The Standard Narrative of Progressive Liberationism
Many Americans, Christian or not assume a narrative that lines up the following into a new American civil rights manifest destiny.
- In the American Civil War and Abolitionist movement American abolished slavery
- In the Women’s Suffrage movement America began to embrace the dream of equality between the sexes (understood as male and female)
- In the Civil Right’s movement America began to embrace the dream of equality among the races
- In the LGBTQ movement for marriage equality American is beginning to embrace the dream of gender autonomy and public self-determination.
This narrative has become the primary moral matrix for public morality inside many churches and in the minds of the non-religious and anti-religious. It is meta-narrative broadly and simply assumed. It inspired a progressivist reading of the Bible even among some otherwise conservative evangelical scholars and is implicit behind so many demands for change in traditional institutions.
The broad implicit assumption of this narrative has brought conflict to conservative denominations like the CRCNA who have a strong tradition of Bible allegiance. According to conservative Protestant orthodoxy faithful Christians seek answers to social questions from the Bible. A classic example of this is the recent CTS Forum publication on Biblical and Hermeneutical Reflections on Same Sex Relationships. Anyone knowing the CRC will find no surprises in this document. I also doubt it will change anyone’s mind on the subject.
Massive Biblical Interpretive Pluralism
The CTS Forum pieces not only face the challenge of the culturally dominant Progressive Liberationist narrative but also the skepticism of massive Biblical interpretive pluralism. How can the Bible serve as a guide for public life when there is no public consensus on it’s interpretation? Can Christianity truly create cohesive consensus and community around the Bible when Christians can’t agree on what the Bible says?
This of course is an old question and challenge and there are LOTS of good books on the subject. Here are three that I’ve appreciated recently.
- Christianity’s Dangerous idea by Alister McGrath
- The Bible Made Impossible by Christian Smith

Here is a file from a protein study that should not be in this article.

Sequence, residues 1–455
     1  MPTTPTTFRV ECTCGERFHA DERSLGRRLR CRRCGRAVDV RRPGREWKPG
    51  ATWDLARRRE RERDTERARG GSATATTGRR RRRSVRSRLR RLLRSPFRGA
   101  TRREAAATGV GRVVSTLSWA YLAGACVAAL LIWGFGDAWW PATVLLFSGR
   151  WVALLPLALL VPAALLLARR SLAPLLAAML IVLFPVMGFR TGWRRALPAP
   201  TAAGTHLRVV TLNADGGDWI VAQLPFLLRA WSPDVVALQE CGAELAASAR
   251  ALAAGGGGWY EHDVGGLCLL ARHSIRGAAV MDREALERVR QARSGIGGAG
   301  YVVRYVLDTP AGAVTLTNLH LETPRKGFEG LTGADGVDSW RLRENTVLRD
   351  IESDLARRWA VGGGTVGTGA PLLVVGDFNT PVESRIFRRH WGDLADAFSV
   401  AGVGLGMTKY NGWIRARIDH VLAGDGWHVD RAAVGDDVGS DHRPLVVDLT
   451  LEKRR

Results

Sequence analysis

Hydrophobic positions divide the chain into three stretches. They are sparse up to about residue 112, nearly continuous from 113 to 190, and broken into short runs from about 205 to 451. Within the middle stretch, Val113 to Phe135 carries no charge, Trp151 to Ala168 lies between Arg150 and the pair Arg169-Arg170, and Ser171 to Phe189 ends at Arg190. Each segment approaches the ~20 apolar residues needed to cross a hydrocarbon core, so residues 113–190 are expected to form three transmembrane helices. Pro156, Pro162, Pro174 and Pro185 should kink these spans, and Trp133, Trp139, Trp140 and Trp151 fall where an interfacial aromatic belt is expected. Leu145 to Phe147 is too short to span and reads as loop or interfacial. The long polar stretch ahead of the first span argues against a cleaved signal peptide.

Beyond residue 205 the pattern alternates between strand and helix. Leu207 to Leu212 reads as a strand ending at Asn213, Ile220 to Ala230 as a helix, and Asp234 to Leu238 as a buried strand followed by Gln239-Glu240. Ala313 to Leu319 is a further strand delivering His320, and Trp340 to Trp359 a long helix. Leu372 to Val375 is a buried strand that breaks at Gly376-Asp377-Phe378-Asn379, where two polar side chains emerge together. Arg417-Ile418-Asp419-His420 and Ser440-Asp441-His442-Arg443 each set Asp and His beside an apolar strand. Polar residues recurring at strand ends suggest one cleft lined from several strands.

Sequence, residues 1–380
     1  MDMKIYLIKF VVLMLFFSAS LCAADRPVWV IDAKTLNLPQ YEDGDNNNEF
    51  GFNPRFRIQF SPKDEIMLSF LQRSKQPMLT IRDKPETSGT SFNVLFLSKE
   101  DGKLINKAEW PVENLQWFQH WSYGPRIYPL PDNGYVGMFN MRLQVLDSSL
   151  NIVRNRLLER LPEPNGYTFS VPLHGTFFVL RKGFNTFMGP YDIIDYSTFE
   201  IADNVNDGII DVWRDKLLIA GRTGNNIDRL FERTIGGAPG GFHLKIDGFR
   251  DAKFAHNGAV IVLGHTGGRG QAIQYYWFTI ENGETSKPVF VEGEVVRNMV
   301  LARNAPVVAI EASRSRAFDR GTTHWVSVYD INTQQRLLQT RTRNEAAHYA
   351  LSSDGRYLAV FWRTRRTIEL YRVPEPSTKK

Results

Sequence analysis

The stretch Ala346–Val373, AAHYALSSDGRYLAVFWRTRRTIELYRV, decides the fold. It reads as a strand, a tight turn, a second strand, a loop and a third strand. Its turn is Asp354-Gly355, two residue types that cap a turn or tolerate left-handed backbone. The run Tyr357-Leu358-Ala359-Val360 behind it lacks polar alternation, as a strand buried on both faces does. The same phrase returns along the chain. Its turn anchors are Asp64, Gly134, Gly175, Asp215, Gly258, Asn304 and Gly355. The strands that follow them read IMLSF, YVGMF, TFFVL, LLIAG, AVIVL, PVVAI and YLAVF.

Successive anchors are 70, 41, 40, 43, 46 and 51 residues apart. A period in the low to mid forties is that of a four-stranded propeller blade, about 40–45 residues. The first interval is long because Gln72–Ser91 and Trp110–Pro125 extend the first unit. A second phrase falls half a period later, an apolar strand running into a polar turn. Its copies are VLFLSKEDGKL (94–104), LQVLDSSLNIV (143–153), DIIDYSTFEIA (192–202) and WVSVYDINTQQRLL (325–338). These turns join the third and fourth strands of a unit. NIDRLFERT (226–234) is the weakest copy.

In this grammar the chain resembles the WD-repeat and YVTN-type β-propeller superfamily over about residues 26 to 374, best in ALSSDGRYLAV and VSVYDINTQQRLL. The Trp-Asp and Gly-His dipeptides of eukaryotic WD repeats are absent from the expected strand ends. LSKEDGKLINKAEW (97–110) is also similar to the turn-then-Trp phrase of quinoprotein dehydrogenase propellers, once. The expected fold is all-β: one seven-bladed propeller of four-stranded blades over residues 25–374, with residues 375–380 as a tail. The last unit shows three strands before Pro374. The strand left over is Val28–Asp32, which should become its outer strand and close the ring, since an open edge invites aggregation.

- The Apostles of Reason by Molly Worthen
I would argue that this isn’t simply a Protestant challenge. This struggle goes back to the New Testament in Jesus’ interpretive conflict with Pharisees, Sadducees and Essenes and the reason Paul was kicked out of synagogues where he started his mission work in the Jewish diaspora.
Bible Study as Consensus Discovery
A recent blog post by a Richard Beck, chair of psychology at Abilene Christian University concisely summarized the critique Owning our Protestantism, We Follow Our Conscience Not the Bible. Here’s the heart of his argument.
Which brings me back to the point I was making to the group I was consulting with. Own your Protestantism, I said. While the desire to be “biblical” is laudable and important what you are actually doing here is discerning if you can hold together a hermeneutical consensus to prevent a schism if you make changes. Your work here is as sociological as it is exegetical.
What is actually going on in a group on the cusp of a change during a “season of discernment” when they set out to “study an issue,” which might involve inviting people like me into the discussion, is the cultivation of hermeneutical capacities and the assessment of hermeneutical tolerances. If the capacities and tolerances are there for the change you change. If not, you go back to working on capacities and tolerances. That, or you stay the course and don’t change.
This is not to suggest that the Bible isn’t speaking into the faith community during the process. Just that when it finally comes down to determining what the Bible says or doesn’t say that will be determined by the individual consciences of the members and that leaders, generally, will go with the consensus. That, or the leaders will, because of their own consciences, make a hermeneutical move to test the tolerances and risk the possibility of schism.
There are some good learned comments at the blog post as well. The issues do inflame old debates on ecclesiology.
This “testing” is clearly in process in the CRCNA and will be on full display at Synod 2016 over the Same Sex Marriage report.
While this dominant Progressive Liberationism narrative bears down on the CRC I find it helpful to read history. Progressivism has some roots in the Progressive Era that doesn’t get enough attention. The Progressive Liberationist narrative convenient jumps over the Temperance movement and more recently one of its key leaders Woodrow Wilson is having a hard time surviving at Princeton. Real history is always far more complex than a political or social narrative like this one.
Find an Analog
In pondering this moment in CRC history I decided to research a theological discussion that might prove to be an interesting analog to the current debate. It’s often helpful to look for one outside the reality distortion field created by all of the passions and agendas swirling around this debate.